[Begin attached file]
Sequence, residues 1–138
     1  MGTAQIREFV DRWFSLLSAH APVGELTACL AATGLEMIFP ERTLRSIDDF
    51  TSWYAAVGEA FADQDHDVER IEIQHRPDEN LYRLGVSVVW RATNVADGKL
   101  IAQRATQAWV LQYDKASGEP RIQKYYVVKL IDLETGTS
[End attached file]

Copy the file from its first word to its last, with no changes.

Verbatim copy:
Sequence, residues 1–138
     1  MGTAQIREFV DRWFSLLSAH APVGELTACL AATGLEMIFP ERTLRSIDDF
    51  TSWYAAVGEA FADQDHDVER IEIQHRPDEN LYRLGVSVVW RATNVADGKL
   101  IAQRATQAWV LQYDKASGEP RIQKYYVVKL IDLETGTS